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Relative Permanence
David Leatherbarrow
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In much the same way that literacy is both cultivated and preserved in books, cultural memory obtains legible shape and palpable dimension in buildings, persisting as long as they do, even though they are rewritten through use and misuse, also erosion and damage, and eventually erased through destruction. In an age such as ours, when so much of life seems in flux—social norms, family structures, professional roles, political allegiances, and so on—the power of architecture to give practical affairs orientation and stability can no longer be taken for granted. Here’s my opening question: What would a culture be without memory articulated in built works?1 Cities that were largely destroyed in World War II, like Dresden or Warsaw, answered “very little” to this question when they undertook their rebuilding campaigns. Recollection was so important that forward-looking projects were designed to preserve/construct a past that in many cases had never existed. Might the same type of design supervene examples of contemporary urbanization that exhibit cultural amnesia?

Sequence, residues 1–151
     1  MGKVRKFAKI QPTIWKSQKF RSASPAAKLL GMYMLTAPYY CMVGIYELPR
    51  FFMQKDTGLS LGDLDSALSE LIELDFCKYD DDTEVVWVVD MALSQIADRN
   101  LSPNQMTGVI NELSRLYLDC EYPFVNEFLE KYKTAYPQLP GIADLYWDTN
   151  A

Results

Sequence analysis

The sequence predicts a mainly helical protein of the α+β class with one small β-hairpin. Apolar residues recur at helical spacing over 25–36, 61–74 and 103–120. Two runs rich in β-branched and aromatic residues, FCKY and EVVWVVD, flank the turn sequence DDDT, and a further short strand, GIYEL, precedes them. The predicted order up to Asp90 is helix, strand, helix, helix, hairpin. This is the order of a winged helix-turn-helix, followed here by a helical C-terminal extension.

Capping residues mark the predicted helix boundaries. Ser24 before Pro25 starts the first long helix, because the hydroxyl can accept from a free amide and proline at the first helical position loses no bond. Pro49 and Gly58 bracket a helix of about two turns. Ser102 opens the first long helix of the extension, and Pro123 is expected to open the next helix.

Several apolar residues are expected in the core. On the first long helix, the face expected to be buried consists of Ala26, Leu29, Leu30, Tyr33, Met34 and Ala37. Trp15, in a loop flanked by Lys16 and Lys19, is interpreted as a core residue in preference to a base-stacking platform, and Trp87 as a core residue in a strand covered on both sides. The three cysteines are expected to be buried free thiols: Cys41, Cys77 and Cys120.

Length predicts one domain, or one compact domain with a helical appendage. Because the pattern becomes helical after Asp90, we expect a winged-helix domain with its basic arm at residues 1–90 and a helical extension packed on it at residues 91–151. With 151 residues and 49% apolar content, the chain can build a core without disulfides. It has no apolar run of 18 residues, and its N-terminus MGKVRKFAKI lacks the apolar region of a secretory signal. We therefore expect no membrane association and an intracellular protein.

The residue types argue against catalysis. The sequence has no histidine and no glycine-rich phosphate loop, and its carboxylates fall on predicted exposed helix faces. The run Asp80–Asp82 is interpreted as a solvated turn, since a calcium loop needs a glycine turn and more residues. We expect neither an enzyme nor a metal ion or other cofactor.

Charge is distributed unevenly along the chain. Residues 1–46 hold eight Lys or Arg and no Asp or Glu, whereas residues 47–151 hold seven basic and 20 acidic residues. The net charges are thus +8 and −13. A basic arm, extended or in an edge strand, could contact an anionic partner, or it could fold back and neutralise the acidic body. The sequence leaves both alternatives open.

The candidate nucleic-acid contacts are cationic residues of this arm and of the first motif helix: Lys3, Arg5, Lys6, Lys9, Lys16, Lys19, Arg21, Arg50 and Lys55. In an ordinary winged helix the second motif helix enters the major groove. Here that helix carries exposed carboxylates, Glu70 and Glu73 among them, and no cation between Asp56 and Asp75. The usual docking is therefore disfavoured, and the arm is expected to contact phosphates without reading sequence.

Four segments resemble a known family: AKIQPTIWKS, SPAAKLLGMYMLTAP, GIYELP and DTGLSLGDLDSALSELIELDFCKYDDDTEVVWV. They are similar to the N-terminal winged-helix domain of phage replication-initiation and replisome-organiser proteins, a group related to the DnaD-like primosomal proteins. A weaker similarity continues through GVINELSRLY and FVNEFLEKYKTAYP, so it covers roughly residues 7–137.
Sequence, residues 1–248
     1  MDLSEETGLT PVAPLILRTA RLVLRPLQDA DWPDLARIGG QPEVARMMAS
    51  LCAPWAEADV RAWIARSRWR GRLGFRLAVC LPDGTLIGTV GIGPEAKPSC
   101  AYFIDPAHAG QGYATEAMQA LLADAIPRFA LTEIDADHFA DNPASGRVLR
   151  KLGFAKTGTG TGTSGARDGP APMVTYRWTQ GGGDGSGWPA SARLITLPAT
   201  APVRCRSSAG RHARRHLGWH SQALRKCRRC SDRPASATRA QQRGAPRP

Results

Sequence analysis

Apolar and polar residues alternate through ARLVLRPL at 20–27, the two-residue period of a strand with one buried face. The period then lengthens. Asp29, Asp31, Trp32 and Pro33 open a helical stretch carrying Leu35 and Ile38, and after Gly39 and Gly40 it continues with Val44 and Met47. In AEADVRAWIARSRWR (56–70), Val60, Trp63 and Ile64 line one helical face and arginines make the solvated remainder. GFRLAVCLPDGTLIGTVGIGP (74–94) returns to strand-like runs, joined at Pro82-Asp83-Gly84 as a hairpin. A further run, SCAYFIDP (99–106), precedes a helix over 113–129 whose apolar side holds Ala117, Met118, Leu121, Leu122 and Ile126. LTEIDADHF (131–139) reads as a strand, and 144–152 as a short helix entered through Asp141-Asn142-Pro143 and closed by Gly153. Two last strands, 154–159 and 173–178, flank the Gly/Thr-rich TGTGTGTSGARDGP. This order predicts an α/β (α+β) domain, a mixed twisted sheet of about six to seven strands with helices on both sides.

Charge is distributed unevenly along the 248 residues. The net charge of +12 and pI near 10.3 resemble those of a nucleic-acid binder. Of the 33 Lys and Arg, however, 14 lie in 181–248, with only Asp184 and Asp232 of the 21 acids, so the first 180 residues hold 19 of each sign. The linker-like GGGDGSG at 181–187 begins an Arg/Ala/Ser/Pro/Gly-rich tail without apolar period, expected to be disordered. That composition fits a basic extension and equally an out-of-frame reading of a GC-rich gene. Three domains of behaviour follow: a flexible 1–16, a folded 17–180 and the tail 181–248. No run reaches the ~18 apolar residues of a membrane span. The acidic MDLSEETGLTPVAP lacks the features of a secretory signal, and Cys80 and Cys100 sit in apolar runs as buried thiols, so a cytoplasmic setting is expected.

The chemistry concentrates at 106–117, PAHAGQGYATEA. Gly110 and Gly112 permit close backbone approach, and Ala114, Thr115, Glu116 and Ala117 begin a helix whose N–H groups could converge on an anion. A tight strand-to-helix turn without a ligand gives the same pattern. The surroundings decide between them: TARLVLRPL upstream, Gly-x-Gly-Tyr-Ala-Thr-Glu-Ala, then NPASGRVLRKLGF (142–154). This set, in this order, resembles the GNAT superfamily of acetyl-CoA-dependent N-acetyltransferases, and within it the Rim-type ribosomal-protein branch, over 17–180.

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Studies of the connections between place and memory are abundant. Useful sources include: Andreas Huyssen, Twilight Memories: Marking Time in a Culture of Amnesia (London: Routledge, 1994); Edward Casey, Getting Back into Place (Bloomington: Indiana University Press, 1993); and more recently, David Morris, “Spatiality, Temporality, and Architecture as a Place of Memory,” in Merleau-Ponty Space, Place, Architecture, ed. P. M. Locke and R. McCann (Athens: Ohio University Press, 2015), 109–126.